In my daily routine, and although Skroutz is not a startup anymore, I frequently have to deal with chaos. If you are a part of a high growth tech business chances are you are dealing with chaos as well, whether an individual contributor or a manager. Below I share my thoughts on why you need to embrace chaos and how.

Human beings evolved to avoid chaos. Throughout our evolution, the neocortex, the external part of our brain responsible for intelligence and consciousness, further increased our repulsion to chaos. In the final act, science and education set absolute boundaries on each and everyone’s definition of structure and chaos, boundaries that are so deeply engraved in our biology that even the description of a chaotic image can cause our hormones to react leading to stress.

Structure and knowledge has led to so many great things from well organized societies to medicine and space exploration. Our ability to function under complex conditions and continue pushing humanity forward can be attributed to our inner urge to replace chaos with structure. There are times though, where chaos is not only useful, but necessary.

When exploring the unknown or prototyping, there is no structure, only chaos. Yet every cell in our body is resisting half solutions, unfinished or duplicate work, unpolished outcomes: we want it perfect, well thought out, greatly engineered and perfectly executed, it is after all what we have been taught to do. But exploration implies unknown, uncharted territory. It implies having no idea what the right approach is or even if you are going in the right direction. Exploring requires accepting chaos.

We can all see the problem here: while we are wired to avoid chaos we also need to embrace it every now and then. Whatever our expertise, one day we need to strive for perfection, the other day we must accept messy, temporary solutions. There is a form of mental hackery that can help anyone navigate this cognitive dissonance: it is called changing the narrative.

I want to share a story where a simple narrative change helped me transform an experience I was struggling to cope with to a pleasant one.

Being a geek dad, I used to buy all sorts of build kits: LegoLittleBitsKiwico, MEL Science, you name it. While these are built for children they do follow the same science principles I have been educated to. And they also have specific build plans and instructions you need to follow to complete the build. Fun times, right? Well, kids are not particularly fond of build plans nor do they have any specific urge to do things the proper way. You can already imagine what my engineering self felt like while watching my son connect pieces in every possible, but completely wrong, way or deciding to build a submarine out of a helicopter kit. I was completely frustrated when I had to build the same component over and over because junior wanted to see if it could fly. And how I had to react to ideas that defied gravity or other universally accepted laws of physics. It was obvious that I wasn’t having fun during an activity that was supposed to be lots of it. So I changed the narrative from “Building a kit with my children” to “Spending time with my children”. This simple narrative change made me go from “Why do I have to build this again” to “Spending time with them, this is awesome, let me see if I can get them to learn a thing or two”. I could now accept chaos because the narrative change made it irrelevant.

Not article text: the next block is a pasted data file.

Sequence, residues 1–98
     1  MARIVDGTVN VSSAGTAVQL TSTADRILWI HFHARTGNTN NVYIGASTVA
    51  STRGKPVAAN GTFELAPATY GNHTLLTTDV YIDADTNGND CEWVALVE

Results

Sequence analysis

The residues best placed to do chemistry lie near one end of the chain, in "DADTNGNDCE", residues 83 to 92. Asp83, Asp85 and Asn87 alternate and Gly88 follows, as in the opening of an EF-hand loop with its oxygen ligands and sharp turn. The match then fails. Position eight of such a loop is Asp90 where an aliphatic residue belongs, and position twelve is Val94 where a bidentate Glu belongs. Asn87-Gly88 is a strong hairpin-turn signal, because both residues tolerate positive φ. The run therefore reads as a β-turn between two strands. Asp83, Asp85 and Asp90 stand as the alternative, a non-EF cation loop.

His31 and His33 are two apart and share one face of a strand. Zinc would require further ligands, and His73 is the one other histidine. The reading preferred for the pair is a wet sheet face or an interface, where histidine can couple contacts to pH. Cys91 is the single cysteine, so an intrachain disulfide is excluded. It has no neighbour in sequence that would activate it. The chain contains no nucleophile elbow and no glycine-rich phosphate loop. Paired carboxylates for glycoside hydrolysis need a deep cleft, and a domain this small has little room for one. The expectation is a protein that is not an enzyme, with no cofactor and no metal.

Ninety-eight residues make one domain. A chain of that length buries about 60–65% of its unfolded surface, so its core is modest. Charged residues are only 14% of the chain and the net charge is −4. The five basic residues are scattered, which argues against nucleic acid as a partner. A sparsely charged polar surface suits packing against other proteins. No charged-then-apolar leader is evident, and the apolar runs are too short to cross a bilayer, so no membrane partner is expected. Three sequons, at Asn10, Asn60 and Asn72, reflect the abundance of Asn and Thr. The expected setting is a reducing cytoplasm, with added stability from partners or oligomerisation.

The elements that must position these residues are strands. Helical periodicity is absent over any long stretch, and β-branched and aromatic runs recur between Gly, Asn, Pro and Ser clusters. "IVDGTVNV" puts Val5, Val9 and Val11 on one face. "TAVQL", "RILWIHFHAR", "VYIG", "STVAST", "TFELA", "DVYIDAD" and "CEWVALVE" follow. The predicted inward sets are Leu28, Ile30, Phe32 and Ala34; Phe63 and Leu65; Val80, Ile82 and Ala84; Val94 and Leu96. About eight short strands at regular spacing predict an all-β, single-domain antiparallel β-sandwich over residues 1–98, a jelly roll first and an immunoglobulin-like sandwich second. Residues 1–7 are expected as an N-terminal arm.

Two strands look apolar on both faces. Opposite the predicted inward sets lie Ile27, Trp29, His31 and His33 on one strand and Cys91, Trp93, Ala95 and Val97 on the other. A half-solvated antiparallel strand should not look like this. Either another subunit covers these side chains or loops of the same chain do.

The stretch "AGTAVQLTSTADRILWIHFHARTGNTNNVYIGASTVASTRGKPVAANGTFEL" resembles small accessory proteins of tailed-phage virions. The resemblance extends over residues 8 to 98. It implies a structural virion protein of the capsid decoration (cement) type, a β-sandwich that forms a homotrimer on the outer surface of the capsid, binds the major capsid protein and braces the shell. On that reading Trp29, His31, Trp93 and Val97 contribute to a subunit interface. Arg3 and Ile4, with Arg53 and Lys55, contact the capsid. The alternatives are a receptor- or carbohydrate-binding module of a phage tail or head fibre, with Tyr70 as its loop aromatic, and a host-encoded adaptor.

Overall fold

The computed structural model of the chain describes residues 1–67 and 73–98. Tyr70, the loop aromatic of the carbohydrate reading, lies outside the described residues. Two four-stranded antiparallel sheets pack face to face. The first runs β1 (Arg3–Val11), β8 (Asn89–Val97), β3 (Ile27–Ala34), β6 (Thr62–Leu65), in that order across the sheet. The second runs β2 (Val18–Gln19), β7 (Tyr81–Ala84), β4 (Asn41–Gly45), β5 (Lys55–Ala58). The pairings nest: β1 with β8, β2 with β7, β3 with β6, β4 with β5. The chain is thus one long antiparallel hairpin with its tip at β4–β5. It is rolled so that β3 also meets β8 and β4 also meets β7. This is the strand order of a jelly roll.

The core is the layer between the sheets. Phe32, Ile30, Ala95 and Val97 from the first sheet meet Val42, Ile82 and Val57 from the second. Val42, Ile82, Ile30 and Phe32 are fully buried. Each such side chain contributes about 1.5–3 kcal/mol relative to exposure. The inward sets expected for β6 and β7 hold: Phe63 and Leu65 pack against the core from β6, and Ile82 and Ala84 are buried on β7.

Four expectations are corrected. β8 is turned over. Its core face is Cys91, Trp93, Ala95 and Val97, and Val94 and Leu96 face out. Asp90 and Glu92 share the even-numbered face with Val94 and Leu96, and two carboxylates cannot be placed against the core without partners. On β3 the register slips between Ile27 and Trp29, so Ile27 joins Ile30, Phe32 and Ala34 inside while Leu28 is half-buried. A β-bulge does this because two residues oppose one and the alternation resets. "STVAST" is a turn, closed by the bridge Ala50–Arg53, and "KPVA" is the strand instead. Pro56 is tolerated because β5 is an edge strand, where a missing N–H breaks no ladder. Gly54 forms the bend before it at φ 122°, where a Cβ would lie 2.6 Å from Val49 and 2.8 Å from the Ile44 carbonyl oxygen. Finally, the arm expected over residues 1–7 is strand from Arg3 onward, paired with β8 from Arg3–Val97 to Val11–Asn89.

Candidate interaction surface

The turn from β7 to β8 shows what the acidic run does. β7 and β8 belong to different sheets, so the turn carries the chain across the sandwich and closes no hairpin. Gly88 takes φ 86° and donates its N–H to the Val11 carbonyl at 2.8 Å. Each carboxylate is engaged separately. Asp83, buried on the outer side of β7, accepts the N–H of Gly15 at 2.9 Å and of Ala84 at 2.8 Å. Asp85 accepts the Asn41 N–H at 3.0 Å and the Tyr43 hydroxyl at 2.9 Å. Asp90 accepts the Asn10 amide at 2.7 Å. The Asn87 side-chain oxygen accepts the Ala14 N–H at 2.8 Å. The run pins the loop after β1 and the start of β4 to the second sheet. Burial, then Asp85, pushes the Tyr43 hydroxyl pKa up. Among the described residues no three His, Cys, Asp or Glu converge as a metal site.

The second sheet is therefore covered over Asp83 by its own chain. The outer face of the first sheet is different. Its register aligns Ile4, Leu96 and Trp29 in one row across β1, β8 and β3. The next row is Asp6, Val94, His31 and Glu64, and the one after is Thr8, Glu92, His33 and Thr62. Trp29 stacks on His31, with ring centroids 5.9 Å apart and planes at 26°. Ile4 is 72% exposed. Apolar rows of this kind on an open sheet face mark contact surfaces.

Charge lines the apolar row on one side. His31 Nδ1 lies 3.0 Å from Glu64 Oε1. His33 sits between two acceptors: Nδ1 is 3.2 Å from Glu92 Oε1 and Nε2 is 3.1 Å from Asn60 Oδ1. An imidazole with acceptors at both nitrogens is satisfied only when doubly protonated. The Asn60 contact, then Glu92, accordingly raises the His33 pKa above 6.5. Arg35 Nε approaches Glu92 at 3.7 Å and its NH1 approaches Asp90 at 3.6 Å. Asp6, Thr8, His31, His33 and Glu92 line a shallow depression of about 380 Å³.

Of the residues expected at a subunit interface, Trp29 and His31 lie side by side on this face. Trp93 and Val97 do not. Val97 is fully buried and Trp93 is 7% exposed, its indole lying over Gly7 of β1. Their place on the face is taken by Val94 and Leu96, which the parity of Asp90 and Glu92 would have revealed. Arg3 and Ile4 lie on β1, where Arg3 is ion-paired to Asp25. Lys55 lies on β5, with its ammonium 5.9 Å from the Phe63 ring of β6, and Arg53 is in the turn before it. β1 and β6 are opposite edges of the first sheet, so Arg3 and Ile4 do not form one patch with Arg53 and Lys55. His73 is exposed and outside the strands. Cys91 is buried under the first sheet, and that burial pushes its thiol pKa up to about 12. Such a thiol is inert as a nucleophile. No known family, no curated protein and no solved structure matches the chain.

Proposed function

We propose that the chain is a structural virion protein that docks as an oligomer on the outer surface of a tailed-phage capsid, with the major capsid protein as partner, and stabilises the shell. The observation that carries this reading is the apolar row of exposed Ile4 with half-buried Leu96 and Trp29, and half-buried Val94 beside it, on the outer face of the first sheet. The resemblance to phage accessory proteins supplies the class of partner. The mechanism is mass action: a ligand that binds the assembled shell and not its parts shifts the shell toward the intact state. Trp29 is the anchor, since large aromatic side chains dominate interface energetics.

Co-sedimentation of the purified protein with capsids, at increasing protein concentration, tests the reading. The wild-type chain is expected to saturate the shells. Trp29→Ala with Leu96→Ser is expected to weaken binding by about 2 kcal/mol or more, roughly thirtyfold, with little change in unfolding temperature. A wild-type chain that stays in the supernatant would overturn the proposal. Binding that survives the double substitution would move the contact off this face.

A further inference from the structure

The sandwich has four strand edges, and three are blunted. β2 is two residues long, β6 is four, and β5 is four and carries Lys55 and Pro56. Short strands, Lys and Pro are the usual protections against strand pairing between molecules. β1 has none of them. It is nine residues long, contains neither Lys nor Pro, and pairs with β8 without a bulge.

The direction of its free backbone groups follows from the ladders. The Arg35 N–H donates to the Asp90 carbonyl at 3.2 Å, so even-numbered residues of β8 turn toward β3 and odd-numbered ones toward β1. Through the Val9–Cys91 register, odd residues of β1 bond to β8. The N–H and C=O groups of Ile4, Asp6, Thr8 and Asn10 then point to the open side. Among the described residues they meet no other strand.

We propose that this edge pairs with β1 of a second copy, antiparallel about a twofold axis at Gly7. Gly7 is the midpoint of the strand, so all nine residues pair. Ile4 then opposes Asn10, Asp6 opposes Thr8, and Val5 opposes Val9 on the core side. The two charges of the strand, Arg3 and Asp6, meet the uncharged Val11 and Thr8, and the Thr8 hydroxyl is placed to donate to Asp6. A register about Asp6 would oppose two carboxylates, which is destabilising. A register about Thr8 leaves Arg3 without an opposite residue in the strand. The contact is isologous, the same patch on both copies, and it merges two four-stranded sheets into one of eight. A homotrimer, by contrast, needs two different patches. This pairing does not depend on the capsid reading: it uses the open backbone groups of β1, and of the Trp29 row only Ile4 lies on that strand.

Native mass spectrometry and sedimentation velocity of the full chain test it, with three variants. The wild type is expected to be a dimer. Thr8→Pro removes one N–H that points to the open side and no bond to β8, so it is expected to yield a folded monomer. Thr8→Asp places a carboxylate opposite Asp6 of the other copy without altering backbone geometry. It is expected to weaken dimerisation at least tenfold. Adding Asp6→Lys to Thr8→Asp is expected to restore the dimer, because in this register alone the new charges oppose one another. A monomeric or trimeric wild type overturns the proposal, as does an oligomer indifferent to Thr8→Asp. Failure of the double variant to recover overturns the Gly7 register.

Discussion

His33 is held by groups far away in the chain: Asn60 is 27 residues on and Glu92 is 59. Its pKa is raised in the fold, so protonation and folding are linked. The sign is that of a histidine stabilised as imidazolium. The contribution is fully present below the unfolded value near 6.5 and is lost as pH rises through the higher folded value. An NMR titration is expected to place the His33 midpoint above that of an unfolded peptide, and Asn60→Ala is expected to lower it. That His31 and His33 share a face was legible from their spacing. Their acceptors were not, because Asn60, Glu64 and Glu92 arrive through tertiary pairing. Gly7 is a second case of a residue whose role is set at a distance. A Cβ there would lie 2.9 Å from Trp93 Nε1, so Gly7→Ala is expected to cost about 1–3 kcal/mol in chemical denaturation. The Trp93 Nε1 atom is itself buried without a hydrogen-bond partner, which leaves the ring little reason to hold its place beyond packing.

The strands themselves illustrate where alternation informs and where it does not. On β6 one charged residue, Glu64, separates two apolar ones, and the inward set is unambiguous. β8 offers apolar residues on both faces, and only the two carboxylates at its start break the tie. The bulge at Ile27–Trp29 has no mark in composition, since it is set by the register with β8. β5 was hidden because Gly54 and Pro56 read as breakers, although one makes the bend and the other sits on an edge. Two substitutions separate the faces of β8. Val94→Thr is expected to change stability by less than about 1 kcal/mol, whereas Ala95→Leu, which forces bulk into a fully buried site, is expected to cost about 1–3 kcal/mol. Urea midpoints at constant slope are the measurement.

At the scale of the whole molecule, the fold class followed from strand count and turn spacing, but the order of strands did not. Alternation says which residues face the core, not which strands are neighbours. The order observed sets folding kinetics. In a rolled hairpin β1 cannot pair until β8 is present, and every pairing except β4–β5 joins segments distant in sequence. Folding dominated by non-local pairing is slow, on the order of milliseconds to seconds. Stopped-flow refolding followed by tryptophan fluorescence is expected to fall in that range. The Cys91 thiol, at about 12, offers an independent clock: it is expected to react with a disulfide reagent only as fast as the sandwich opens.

Going back to business and product, the same mental hack of changing the narrative, can do wonders when we have to follow a messy route. The narrative “Build feature X”, can be changed to “Learn if consumers are interested in feature X” or “Examine how merchants will react to feature Y”. This different narrative moves attention away from how we are building a feature to why we are building it in the first place. From how this is going to be perfect to how soon we can get feedback and adjust accordingly. From how chaotic and messy the prototype is to how much valuable feedback we got early on leading to less unnecessary debates and less work being throw away as being irrelevant.

We come across such cases all the time in our daily routines. We never wanted to build three versions of Skroutz Plus, our loyalty program, and have to go through messy update processes, sending upgrade emails, replying to customer complaints and so on. But there was no other way of understanding user behavior nor any scientific way to determine the proper structure for our unit economics to work. What seemed plausible during our early day analysis was changed by consumer reality.

This is not to say that we need to stick with chaos indefinitely, we just have to accept it long enough to draw our conclusions and build a large degree of certainty in our approach. As soon as the exploration phase ends we can always revisit and put as much effort as possible into getting it perfect.

What narrative can you change today? How can you better embrace chaos?

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